LinkedIn has certainly successfully pivoted to become more of a publishing platform and in the last year I’ve spent more time (arguably some of which would have been spent on Twitter) blogging and publishing here. Pulse is easy to use and gets good interaction – it feels like a good space to test a longer-hand thought piece and get feedback. There are also many inspiring influencers on the platform.
“LinkedIn should also be revolutionizing the concept of social selling but sadly I feel it’s largely still on iteration 1.5.”
My problem with it is that my inbox remains inundated with spam and that takes away from the positive experience of engaging with content from other influencers. LinkedIn should also be revolutionizing the concept of social selling but sadly I feel it’s largely still on iteration 1.5. It’s intriguing to see how Microsoft’s involvement will change this – I would expect to see a slicker user experience and richer cloud-based services being bubbled up to users informed by artificial intelligence. The two companies’ combined purpose to enable the world’s professionals to be more productive and achieve more is a great one – but the current product is far too pedestrian when benchmarked against this.
Apart from Twitter and LinkedIn, are you on any other social networks (either for business or personal use)?
I use Instagram, Pinterest and Snapchat. Instagram is predominantly for sharing personal pictures with friends and family, while I’m increasingly using Snapchat to share short video snippets of things I’m doing during the working week. Snapchat is fascinating because it starts with recording video, not with text – this is the new language of younger audiences and is another evolution that CEOs really need to get their heads around. Our global CEO Yannick Bollore is in his late 30s and uses Snapchat every day, so I feel like I’m connected to him on a more personal level.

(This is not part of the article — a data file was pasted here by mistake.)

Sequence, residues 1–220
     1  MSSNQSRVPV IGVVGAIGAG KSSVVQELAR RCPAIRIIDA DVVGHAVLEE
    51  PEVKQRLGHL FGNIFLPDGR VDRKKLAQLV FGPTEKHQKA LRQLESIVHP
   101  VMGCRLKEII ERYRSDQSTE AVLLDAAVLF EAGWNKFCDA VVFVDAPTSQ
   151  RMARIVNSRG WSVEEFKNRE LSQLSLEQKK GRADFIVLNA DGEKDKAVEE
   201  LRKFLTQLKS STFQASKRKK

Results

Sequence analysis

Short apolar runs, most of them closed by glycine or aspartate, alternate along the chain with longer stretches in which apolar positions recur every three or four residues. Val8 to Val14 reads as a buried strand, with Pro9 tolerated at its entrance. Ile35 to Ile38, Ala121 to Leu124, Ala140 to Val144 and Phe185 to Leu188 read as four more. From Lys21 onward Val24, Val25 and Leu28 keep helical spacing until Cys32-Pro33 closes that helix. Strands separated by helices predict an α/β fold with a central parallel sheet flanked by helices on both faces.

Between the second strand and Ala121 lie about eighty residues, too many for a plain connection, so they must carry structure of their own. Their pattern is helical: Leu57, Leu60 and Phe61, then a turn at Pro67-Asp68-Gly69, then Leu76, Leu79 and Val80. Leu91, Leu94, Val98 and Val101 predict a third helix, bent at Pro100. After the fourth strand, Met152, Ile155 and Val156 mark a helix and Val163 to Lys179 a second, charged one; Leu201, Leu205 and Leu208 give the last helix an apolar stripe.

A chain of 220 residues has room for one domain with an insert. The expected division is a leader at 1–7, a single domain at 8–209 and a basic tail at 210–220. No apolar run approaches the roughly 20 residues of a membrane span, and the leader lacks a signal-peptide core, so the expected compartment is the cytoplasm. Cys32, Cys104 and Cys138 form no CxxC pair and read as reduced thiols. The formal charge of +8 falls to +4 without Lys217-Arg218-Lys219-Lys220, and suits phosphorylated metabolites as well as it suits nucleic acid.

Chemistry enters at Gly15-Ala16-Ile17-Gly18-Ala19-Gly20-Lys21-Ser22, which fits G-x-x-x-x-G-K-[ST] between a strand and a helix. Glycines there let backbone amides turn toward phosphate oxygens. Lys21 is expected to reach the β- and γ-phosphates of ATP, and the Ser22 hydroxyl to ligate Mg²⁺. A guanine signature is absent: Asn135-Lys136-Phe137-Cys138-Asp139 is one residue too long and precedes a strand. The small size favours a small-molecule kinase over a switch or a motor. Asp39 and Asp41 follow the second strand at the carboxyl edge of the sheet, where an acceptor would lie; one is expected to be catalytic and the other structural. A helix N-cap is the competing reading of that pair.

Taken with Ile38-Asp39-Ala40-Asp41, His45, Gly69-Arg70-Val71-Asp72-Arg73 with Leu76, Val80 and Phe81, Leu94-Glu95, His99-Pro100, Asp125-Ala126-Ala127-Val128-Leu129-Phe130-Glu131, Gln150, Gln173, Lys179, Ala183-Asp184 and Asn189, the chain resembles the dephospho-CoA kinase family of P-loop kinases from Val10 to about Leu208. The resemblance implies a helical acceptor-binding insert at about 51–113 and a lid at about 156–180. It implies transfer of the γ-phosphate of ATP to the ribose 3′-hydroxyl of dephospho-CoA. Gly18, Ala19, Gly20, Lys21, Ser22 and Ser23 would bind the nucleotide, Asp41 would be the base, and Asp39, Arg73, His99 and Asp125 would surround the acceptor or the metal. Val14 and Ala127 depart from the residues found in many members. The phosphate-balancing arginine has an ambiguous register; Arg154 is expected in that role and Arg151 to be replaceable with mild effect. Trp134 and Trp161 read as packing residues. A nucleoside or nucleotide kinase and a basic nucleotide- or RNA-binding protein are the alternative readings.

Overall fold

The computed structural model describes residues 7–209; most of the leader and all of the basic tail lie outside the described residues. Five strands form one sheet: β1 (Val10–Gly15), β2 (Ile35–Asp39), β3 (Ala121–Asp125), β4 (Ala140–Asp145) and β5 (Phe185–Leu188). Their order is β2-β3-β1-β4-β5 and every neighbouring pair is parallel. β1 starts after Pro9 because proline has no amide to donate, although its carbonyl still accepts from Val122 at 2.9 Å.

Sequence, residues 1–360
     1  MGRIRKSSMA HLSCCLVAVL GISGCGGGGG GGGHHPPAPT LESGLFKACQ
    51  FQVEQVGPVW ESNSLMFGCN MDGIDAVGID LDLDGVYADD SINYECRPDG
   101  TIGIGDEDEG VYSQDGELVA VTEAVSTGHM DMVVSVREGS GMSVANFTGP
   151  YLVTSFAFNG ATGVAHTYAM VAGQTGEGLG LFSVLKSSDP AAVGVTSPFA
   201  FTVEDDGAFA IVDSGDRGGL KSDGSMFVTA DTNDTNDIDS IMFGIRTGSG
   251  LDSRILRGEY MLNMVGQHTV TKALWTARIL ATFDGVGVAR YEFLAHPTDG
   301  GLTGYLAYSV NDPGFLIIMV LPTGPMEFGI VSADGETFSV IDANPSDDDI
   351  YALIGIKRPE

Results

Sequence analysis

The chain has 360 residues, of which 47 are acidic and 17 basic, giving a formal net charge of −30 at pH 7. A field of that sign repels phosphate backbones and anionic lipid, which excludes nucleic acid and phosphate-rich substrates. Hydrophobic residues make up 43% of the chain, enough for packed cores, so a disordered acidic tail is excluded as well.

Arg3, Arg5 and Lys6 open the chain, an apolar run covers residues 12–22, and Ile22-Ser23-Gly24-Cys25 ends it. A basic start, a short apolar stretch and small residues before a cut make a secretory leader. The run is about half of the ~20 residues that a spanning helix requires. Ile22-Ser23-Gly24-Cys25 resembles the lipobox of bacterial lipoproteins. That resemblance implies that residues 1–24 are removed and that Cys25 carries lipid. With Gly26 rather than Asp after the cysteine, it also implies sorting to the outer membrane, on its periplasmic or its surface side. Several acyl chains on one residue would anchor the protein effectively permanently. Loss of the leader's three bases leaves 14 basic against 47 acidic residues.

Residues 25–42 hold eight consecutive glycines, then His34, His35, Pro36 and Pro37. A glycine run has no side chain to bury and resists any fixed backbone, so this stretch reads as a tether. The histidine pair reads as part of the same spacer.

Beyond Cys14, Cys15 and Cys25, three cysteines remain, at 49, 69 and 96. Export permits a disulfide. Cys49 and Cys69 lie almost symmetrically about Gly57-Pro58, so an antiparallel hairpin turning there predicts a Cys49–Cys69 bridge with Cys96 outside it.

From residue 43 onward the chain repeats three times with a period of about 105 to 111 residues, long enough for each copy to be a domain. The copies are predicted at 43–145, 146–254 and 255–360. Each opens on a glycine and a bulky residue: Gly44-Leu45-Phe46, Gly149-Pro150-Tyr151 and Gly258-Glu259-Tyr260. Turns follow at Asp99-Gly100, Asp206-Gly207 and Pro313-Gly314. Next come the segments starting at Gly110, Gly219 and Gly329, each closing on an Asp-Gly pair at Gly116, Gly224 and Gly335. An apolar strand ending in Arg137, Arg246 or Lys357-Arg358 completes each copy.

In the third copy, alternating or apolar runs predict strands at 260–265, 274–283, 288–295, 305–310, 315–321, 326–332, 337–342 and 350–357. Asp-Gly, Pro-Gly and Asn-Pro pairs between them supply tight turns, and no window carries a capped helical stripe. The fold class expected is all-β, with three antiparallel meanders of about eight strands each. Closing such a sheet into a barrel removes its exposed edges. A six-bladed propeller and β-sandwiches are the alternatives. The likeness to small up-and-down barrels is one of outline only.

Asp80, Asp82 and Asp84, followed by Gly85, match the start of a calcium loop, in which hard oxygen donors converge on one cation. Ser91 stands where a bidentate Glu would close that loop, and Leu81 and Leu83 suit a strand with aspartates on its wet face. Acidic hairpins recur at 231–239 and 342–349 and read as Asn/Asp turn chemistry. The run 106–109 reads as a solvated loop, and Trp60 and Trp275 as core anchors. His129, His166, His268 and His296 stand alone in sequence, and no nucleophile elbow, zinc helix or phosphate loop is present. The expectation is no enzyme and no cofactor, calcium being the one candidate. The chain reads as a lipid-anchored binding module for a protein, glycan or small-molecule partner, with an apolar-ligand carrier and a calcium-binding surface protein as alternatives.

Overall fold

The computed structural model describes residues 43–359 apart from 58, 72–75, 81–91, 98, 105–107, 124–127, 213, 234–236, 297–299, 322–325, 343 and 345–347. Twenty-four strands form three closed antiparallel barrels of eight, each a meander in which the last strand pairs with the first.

If you had a crystal ball, what do you think the social media landscape will look like in five years’ time? Will Twitter and LinkedIn still be there in some form? What other networks might evolve and become popular?
Social media will continue to grow and morph. It is most certainly not going away. Social leadership, social selling and social communities are therefore all critical.
Facebook successfully pivoted from desktop-first to mobile-first and has made exceptionally shrewd acquisitions. The tech foundations that Zuckerberg has built – the sheer scale and cash to acquire potential competition – means one would be a brave man to bet against him. He has also laid out a ten year plan so Facebook knows where it wants to go and is already planning for that – unlike most businesses.
I would be surprised if LinkedIn still existed in its current form in five years. I think it will either wither away or have to pivot to serve younger audiences looking for professional careers with very different expectations. There will be most certainly be new startups that challenge LinkedIn in this space.
My gut feel says that Twitter will be acquired by one of the big tech or content players within the next five years and a new strategy will emerge.
Paul’s reasons for using social media (especially Twitter) chime with those of previous CEOs interviewed for this series. In fact there’s a remarkable consistency in responses that aligns with the values associated with modern leadership, namely: openness, transparency, authenticity, accessibility and communication. None of these CEOs lock themselves away in the metaphorical corner office; all are accessible to anyone – employee, customer, competitor – on social channels, and they like it that way. They understand the value of being tapped into an open, global network. This network, rather than seen as a threat, is instead seen as an amazing opportunity to lead in a new, open and transparent way. These CEOs are the vanguard and, as Paul says, those who hold back will soon be part of a smaller community.